LisbonWhen it comes to Christmas celebrations, few folks greet the occasion like the Portuguese. Even without snow or the Christmas glamour associated with the Rockefeller Center, Lisbon is a vibrant city that has its own unique way of celebrating Christmas.

As early as November, the streets of Lisbon take a magical turn and start to buzz with traditional Christmas music and excitement. Further heightening the atmosphere are the aromas from roasting chestnuts and other Holiday goodies. Lisbon, quite surprisingly, is not on everyone’s list of Christmas destinations. Hence, people who are seeking an alternative to usual hustle and bustle of New York or Vienna can look to Portugal. A Christmas in Portugal is a celebration and appreciation of life.

Unlike other Christmas scenes in Europe and around the world, a Portuguese Christmas is still rooted steeped with religious belief. Even while folks are busy shopping and handing out gifts to people they care about, majority of the population still take time to hear mass (misa de gallo), prepare a traditional Portuguese Christmas supper, put up a Nativity scene and commemorate the departed.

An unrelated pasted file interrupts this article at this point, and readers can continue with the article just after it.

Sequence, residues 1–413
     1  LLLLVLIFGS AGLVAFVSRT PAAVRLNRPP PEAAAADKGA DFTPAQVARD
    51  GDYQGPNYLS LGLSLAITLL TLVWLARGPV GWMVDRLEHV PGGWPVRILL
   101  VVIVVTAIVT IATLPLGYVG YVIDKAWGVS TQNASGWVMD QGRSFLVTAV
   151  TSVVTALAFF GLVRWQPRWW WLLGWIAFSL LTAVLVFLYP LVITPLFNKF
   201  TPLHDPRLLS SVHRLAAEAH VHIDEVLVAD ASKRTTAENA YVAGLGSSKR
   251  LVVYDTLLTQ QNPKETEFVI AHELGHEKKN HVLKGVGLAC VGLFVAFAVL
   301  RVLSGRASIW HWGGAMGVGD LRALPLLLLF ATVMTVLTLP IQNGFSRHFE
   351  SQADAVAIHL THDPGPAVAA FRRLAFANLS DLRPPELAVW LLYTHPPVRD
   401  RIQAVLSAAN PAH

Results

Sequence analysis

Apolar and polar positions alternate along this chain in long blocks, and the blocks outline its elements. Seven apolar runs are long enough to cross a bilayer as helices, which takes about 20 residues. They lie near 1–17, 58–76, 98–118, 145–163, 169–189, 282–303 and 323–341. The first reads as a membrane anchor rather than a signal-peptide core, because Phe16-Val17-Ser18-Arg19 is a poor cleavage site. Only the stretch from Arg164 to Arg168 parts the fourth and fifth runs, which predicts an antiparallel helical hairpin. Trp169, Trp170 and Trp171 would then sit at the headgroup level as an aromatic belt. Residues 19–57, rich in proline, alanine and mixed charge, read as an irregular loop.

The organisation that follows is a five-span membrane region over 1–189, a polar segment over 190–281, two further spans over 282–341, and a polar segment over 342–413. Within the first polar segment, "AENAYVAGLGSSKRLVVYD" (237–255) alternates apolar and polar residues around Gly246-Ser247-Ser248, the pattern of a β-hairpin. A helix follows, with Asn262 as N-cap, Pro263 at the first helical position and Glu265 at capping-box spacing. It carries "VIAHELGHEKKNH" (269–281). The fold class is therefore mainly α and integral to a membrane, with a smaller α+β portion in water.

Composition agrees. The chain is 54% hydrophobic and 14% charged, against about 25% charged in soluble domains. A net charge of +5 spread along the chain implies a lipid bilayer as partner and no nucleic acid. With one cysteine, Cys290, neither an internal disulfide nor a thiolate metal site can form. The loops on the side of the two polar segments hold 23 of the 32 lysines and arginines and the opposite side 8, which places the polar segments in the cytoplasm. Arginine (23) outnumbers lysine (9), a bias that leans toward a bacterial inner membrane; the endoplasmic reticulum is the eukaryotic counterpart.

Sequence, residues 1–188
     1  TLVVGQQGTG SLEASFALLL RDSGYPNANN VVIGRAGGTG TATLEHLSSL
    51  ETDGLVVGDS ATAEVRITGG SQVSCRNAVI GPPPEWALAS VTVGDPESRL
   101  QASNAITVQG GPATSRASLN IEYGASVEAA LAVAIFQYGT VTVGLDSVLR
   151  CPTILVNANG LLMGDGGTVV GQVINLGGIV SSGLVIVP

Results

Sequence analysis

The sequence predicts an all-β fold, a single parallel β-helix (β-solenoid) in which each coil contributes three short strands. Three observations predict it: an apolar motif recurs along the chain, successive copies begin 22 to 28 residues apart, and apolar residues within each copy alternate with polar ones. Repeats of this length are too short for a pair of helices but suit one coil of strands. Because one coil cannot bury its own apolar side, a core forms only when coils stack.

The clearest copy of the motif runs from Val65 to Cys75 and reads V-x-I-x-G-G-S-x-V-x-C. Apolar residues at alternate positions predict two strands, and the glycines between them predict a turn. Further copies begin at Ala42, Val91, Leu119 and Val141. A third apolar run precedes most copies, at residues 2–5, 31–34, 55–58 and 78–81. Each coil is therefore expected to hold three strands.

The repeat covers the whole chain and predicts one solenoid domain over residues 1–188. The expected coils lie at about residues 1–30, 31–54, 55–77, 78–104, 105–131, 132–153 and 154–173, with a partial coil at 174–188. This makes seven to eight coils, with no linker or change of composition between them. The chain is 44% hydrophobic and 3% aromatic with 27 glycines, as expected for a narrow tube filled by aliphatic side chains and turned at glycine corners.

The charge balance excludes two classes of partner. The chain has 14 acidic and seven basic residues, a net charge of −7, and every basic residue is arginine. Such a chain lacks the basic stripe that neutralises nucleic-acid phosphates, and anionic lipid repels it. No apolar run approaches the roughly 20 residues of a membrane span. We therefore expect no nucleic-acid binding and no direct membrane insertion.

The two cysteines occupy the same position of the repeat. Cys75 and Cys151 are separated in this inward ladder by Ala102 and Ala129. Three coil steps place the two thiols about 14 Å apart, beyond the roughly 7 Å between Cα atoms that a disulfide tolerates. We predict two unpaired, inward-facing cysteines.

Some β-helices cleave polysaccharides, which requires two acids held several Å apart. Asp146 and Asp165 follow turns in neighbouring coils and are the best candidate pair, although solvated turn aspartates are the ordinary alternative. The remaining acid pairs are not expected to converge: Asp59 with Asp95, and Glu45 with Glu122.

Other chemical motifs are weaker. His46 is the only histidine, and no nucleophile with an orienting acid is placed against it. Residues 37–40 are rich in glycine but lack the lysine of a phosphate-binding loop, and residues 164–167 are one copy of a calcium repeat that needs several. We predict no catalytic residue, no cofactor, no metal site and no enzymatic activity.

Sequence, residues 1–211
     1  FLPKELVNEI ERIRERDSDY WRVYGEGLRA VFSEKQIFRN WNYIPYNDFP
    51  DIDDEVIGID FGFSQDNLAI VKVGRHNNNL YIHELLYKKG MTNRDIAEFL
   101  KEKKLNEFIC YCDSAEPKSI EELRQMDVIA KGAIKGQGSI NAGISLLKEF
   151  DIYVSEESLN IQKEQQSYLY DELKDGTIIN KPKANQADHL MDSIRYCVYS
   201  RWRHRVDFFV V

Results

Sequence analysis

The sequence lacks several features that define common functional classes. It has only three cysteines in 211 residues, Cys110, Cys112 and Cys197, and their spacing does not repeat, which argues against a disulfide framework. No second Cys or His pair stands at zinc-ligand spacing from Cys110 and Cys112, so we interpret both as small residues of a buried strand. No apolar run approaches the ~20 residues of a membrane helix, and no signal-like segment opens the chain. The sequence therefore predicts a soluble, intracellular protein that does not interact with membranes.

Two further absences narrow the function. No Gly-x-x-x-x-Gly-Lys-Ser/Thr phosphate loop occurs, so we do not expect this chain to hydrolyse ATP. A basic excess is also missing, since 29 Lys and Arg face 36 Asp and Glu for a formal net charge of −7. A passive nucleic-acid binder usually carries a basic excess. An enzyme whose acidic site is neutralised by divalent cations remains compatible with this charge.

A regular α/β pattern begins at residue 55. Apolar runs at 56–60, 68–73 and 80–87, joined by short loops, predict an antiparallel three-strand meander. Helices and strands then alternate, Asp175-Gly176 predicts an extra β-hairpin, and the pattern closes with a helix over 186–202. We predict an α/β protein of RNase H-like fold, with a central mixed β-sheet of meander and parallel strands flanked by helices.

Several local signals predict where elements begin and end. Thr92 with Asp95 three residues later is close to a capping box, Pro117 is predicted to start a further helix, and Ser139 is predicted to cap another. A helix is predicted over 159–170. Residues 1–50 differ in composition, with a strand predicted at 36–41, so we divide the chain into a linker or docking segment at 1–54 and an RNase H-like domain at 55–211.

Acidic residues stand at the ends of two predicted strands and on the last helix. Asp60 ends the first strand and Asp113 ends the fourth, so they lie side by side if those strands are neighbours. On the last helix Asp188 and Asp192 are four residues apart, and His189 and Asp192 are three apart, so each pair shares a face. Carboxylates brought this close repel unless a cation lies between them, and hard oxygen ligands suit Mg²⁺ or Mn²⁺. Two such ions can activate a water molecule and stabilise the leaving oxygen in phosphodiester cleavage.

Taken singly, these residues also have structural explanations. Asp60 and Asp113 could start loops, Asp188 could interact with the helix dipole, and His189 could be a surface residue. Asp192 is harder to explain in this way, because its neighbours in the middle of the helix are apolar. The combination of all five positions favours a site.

The Portuguese love for the season becomes even more evident with Lisbon’s spellbinding display of Christmas Lights. Each year, the city is engulfed with lights. Shops, homes and even historical places or government offices are decked with blinking neon lights. These light decorations are usually a blend of traditional and modern styles, thus reflecting the city’s rich history.

A recent addition to the city’s Christmas tradition is the annual lighting of a giant artificial tree. Like other classic Christmas trees, the Lisbon Tree signifies life in the dead of winter and heralds the coming of a new dawn. The tree gets decorated annually with over a million miniature lights. Its height allows it to be visible from anywhere in the city and is a most welcoming site for tourists.

The tradition was begun in 2004 and the artificial tree was erected in the middle of Lisbon’s Comercio Square. In 2005, it received the honor of being the tallest/highest tree in Europe with the height of about 76 meters. In 2007, the tree was moved to Portugal’s second largest city, Porto and was returned to Lisbon the following year. Despite losing its “tallest tree” title, the Lisbon tree with its dazzling lights continues to attract sightseers and photographers worldwide.

It is heart warming to realize that the magic and wonder that Christmas can evoke are still alive and can overcome religious and political beliefs. Thanks to marvels such as the Lisbon Christmas Tree, we learn to take stock and appreciate values, traditions and people who are dear to us.